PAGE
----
Most of the regional statistics shown in the Eurostat regional yearbook are for NUTS level 2 regions. However, subject to data availability, some maps, tables and figures are shown for either NUTS level 1 regions (more aggregated geographical information) or NUTS level 3 regions (the most detailed level of regional information). The more detailed statistics are only available for a limited selection of indicators that include agriculture, demography, economic accounts, business demography and transport.

There may also be specific cases (normally related to the limits of data availability) where particular regions are presented using a different NUTS level compared with the remainder of the regions in the same map, table or figure; these cases are documented in footnotes and are included to improve data coverage. Where little or no regional data exist for a particular EU Member State, use has been made of national data; these exceptions are again documented in the footnotes.

The NUTS regulation and classification

The NUTS classification is defined in Regulation (EC) No 1059/2003 of the European Parliament and of the Council, which has to be amended by a European Commission regulation each time the classification is updated (when a new version of the NUTS is needed). The NUTS regulation specifies that there should be a minimum period of three years stability during which time the classification should not be changed; exceptions are made for the inclusion of additional regions when the accession of a new EU Member State occurs. Since 2003, the NUTS classification has been amended several times, partly due to regular amendments, partly due to the accession of new Member States or changes to the territorial boundaries of existing Member States (for example, the inclusion of data for the French region of Mayotte).

The fourth regular amendment of the NUTS classification (Commission Regulation (EU) No 2016/2066) was adopted in December 2016 and applies to data collected for reference periods from 1 January 2018 onwards; it is referred to as NUTS 2016. This version of NUTS is the basis for classifying regional statistics as used in the 2019 edition of the Eurostat regional yearbook. It should be noted that for time series, the data presented in this publication could often have been collected using a previous version of NUTS and that these statistics have been recoded to NUTS 2016; as a consequence data are sometimes not available for a small number of regions where a simple recoding or aggregation of data from previous versions of NUTS was not possible (due to changes in boundaries).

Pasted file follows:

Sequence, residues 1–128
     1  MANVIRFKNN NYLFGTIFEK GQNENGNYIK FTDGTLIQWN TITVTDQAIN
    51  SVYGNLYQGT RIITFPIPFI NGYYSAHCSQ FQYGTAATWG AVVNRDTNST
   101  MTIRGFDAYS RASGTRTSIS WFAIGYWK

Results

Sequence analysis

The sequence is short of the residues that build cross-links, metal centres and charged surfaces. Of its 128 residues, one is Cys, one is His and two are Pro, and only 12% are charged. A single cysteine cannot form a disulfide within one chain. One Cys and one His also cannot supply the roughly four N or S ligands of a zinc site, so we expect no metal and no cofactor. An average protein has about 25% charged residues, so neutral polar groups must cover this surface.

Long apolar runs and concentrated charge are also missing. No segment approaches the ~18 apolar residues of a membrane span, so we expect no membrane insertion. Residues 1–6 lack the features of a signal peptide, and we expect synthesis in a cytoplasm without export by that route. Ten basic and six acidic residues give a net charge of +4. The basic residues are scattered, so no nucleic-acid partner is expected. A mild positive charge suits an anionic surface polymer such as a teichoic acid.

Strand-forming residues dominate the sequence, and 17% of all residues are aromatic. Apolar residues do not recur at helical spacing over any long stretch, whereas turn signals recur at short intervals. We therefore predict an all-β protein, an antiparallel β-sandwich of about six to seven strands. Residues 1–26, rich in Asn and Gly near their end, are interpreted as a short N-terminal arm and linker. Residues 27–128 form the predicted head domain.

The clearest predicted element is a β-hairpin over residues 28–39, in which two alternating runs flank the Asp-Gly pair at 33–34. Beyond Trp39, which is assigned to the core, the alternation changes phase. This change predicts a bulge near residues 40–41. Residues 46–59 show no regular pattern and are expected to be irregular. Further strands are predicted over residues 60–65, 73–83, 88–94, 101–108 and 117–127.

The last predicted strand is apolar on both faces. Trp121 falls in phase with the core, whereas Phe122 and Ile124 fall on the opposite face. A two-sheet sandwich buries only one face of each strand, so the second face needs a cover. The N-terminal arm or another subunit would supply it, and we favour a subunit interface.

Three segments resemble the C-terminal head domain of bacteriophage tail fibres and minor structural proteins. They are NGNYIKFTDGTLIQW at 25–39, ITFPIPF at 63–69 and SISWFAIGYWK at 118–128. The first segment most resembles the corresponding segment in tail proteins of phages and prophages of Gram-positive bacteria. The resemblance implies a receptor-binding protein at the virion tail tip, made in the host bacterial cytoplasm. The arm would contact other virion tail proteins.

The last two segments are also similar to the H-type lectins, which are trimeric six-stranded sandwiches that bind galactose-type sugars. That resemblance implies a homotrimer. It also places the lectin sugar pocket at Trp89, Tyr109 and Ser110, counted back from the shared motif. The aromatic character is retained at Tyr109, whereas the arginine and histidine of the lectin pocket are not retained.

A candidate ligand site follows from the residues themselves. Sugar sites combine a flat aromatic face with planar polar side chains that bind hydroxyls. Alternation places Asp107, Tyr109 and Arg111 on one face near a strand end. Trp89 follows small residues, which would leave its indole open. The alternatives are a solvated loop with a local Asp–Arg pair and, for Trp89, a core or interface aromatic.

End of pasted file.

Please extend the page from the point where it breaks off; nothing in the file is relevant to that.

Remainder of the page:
As noted above, the NUTS classification was also amended by the Regulation (EU) 2017/2391 as regards the territorial typologies (Tercet), establishing a common statistical classification of territorial units, to enable the collection, compilation and dissemination of European statistics at different territorial levels for the EU.

The main principles of the NUTS classification

Principle 1: the NUTS regulation defines minimum and maximum population thresholds for the size of individual NUTS regions (see Table 3). Deviations from these thresholds are only possible when particular geographical, socioeconomic, historical, cultural or environmental circumstances exist.

Principle 2: NUTS favours administrative divisions. If available, administrative structures are used for the different NUTS levels. In those EU Member States where there is no administrative layer corresponding to a particular level of NUTS, regions are created by aggregating smaller administrative regions.

Table 3: Population size constraints for NUTS 2016 regions
(number of inhabitants)
Source: Eurostat

In a similar vein to the NUTS classification, regions have also been defined and agreed with the EFTA and candidate countries on a bilateral basis; these are called statistical regions and follow exactly the same rules as the NUTS regions in the EU, although they have no legal basis.

Statistics by degree of urbanisation

The degree of urbanisation is a classification originally introduced in 1991. Initially it distinguished between densely, intermediate and thinly populated areas, using information on numbers of inhabitants, population density and the contiguity of local administrative units (LAU or municipalities).